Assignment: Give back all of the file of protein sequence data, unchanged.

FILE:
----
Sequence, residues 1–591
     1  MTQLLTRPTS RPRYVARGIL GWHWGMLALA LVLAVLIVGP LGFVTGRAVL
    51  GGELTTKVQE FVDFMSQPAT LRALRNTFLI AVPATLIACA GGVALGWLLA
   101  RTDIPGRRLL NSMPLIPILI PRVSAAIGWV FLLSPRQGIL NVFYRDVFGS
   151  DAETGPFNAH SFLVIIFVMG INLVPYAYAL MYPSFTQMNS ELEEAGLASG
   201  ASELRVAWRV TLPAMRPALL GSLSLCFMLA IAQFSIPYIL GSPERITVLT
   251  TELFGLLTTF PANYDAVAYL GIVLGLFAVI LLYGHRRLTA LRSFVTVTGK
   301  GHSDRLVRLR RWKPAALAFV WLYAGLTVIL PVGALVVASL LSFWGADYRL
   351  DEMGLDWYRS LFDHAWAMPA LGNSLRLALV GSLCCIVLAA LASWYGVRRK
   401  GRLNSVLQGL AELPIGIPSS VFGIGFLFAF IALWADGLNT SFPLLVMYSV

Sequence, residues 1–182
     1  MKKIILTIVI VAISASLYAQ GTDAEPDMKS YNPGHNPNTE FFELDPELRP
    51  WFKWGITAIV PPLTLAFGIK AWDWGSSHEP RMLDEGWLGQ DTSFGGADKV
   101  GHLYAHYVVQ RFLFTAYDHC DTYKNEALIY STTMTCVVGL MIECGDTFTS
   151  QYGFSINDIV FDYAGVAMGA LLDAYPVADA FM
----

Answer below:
Sequence, residues 1–591
     1  MTQLLTRPTS RPRYVARGIL GWHWGMLALA LVLAVLIVGP LGFVTGRAVL
    51  GGELTTKVQE FVDFMSQPAT LRALRNTFLI AVPATLIACA GGVALGWLLA
   101  RTDIPGRRLL NSMPLIPILI PRVSAAIGWV FLLSPRQGIL NVFYRDVFGS
   151  DAETGPFNAH SFLVIIFVMG INLVPYAYAL MYPSFTQMNS ELEEAGLASG
   201  ASELRVAWRV TLPAMRPALL GSLSLCFMLA IAQFSIPYIL GSPERITVLT
   251  TELFGLLTTF PANYDAVAYL GIVLGLFAVI LLYGHRRLTA LRSFVTVTGK
   301  GHSDRLVRLR RWKPAALAFV WLYAGLTVIL PVGALVVASL LSFWGADYRL
   351  DEMGLDWYRS LFDHAWAMPA LGNSLRLALV GSLCCIVLAA LASWYGVRRK
   401  GRLNSVLQGL AELPIGIPSS VFGIGFLFAF IALWADGLNT SFPLLVMYSV

Sequence, residues 1–182
     1  MKKIILTIVI VAISASLYAQ GTDAEPDMKS YNPGHNPNTE FFELDPELRP
    51  WFKWGITAIV PPLTLAFGIK AWDWGSSHEP RMLDEGWLGQ DTSFGGADKV
   101  GHLYAHYVVQ RFLFTAYDHC DTYKNEALIY STTMTCVVGL MIECGDTFTS
   151  QYGFSINDIV FDYAGVAMGA LLDAYPVADA FM